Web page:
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Steadfast – part 6

Steadfast is a serial short fiction piece.

To start from the beginning, go to part 1.

Steadfast Cover 25% shrink copy Steadfast Kindle Ebook.

I do not know how long I remained in the hole, the name for which the rats gave this place of imprisonment. And I could not smell the sea air except when the bulkhead opened, which only happened when I was led to the technicians with their poking and prodding, their incessant questioning and curious thinking. None of them could figure out how Eunice upgraded my skin and my emotional intelligence. The human technicians were far more interested in the upgrades than the clocks, who seemed to be quite happy as they were and yet they noticed one of their own imprisoned for no pure reason other than the human envy of advanced knowledge. Perhaps this place was not heaven-below-the-earth after all.

After what seemed like weeks, the technicians finally decided they were going to dismantle me the next day; they received approval from the Spartan. The hour of my obsolescence was upon me. I would face it tomorrow.

Walking back to the hole for the last time felt like hours passing, yet it was only 253 paces from the lab to the bulkhead. Only one guard escorted me as I had done nothing provocative during my imprisonment. In fact I’m quite sure some of the rats honored my company during these silent walks, though no words were ever spoken. I kept silent unless questioned. Always.

Tonight differed in the routine. My escort walked in front of me instead of behind, leading slowly and upon reaching the hole, he stopped and turned to face me. With one finger, he pointed down the end of the tunnel.

“Do you smell it?” he said.

I nodded. The seawater.

“Follow the smell. It won’t be long until you reach the outside.”

The guard then opened the bulkhead and stepped inside. “What they’re doing…it’s not right. Not right at all.”

I knew he was human, and he seemed to care for my well being more than his own. “But you’ll be punished.”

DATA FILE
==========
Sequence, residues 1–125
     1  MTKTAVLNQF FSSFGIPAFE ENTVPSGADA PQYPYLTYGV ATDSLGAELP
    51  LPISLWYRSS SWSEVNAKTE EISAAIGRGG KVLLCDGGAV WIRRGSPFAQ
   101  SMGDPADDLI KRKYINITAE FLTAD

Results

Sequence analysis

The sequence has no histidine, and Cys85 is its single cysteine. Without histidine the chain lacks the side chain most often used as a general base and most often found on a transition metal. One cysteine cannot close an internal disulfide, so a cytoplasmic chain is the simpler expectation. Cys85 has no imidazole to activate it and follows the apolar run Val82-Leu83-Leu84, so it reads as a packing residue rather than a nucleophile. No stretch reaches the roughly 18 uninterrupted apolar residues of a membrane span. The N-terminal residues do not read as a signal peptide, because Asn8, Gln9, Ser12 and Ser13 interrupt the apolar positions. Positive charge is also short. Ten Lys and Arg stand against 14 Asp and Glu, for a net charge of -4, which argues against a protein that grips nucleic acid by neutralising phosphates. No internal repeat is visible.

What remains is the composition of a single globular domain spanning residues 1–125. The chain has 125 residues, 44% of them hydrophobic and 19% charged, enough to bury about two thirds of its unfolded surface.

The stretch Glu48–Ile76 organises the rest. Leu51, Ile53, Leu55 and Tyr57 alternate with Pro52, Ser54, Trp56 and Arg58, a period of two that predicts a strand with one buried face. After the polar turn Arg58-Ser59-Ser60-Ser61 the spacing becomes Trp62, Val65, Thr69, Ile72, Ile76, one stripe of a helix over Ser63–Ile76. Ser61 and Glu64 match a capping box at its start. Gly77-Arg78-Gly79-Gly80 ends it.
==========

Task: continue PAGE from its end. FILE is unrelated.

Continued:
He nodded. “I’ll die, but I’m ready for it.”

“Hand me your gun,” I said and he gave it to me. “You’re not going to die.” I punched him in the face and he crumpled to the floor of the cell. His missing weapon and his facial injuries would hopefully absolve him. I dropped the gun and locked the bulkhead, running down the tunnel he indicated would exit to my freedom.

I ran toward the salty smell, and it grew stronger with each step. Each twist in the tunnel revealed an ever freshening odor of outside air. There were many twists, many turns and a few guesses at a few forks, but they seemed to be correct as the air grew fresher and saltier.

It was then I heard the sounds of pursuit behind me. My escape had been uncovered and the rats were on my trail. There were no voices but there was plenty of sloshing about in the gathered scum puddles. The lack of noise gave me pause for concern, knowing they would end my existence upon capture, and that could not happen. I needed to return–to Eunice–and to my dancer.

The next turn revealed my eagerly sought exit, but not without a serious problem. The opening to the sewer stood blocked by iron bars, no doubt installed by the rats to prevent entry or exit. Soldierly instincts welled up from within and the great fight was upon me, but not toward my pursuers. I turned to the bars and selected the one that seemed weakened by rust. My hands gripped the most corroded point and I pulled. Every ounce of my strength strained against the iron. Every gear within me ground against its neighbor. I was a soldier again, but I fought for my freedom…and my freedom was won upon the breaking of the iron. I bent the bar upwards with the last of my strength, for my energy was spent and my gears were in need of realignment and repair.

My pursuers rounded the corner and ran toward me, guns drawn, now shouting for my surrender. And without another thought I jumped and fell. Down. Down further. Falling yet again, but this time hopefully toward my return home.

The water was cold and welcoming as it enveloped me upon splashdown. It was only then I discovered my energy was expended completely. I could not swim and so I sank into the inky currents of the bay, surrendering myself to fate yet again.